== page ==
For a country of Nigeria’s size and strategic importance, its migration flows are curiously understudied. Nigeria is a hub for business and labour migration, but also human trafficking and irregular migration, and among the top five countries of origin for asylum seekers in the EU. Researchers from the project Transnationalism from Above and Below: Migration Management and How Migrants Manage (MIGMA), will present three perspectives on Nigerian migration – as managed by a European host state, as viewed in a sending area in Nigeria, and as represented in Nigerian cultural production.
“Managing expectations: The art of easing migrants out of high hopes”
May-Len Skilbrei (University of Oslo)
Nigerian rejected asylum seekers in Norway tend to resist the legal imperative to return to Nigeria. Skilbrei studies the work of staff tasked with motivating and preparing for return, in various public and private institutions, looking particularly at how they develop skills in lowering expectations.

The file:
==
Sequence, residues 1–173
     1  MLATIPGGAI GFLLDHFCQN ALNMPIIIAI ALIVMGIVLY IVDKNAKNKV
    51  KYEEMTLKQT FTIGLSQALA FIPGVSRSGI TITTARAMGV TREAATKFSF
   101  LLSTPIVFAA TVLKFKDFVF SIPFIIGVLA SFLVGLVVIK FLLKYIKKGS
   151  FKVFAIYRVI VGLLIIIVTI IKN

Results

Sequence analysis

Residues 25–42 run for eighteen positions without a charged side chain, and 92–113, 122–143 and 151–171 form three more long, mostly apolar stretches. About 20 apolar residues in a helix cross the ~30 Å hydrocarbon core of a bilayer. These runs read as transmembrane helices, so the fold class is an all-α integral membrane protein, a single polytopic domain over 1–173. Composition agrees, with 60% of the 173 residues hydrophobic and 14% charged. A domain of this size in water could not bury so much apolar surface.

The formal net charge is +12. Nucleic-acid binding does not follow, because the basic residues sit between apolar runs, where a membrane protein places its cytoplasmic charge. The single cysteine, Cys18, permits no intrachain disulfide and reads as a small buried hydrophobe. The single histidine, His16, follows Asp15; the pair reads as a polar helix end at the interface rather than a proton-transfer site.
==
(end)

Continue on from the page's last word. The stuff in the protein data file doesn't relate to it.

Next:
“Class, risk and ‘going with a purpose’: Nigerian postgraduates reflect on irregular migration”
Erlend Paasche (University of Oslo)
Class shapes the risks that migration carries and the acceptability of those risks. This study explores how post-graduates in Benin City, a major sending area for Nigerian trafficking and smuggling, view the risks and rewards of irregular migration to Europe.
“Representations of return in Nigerian cultural production”
Jørgen Carling (Peace Research Institute Oslo (PRIO))
Migrants navigate not only legal structures, but also socio-cultural norms and expectations. How is migration represented in Nigerian cultural production? The primary focus here is on return migration, as described in Nigerian fictional literature and ‘Nollywood’ films.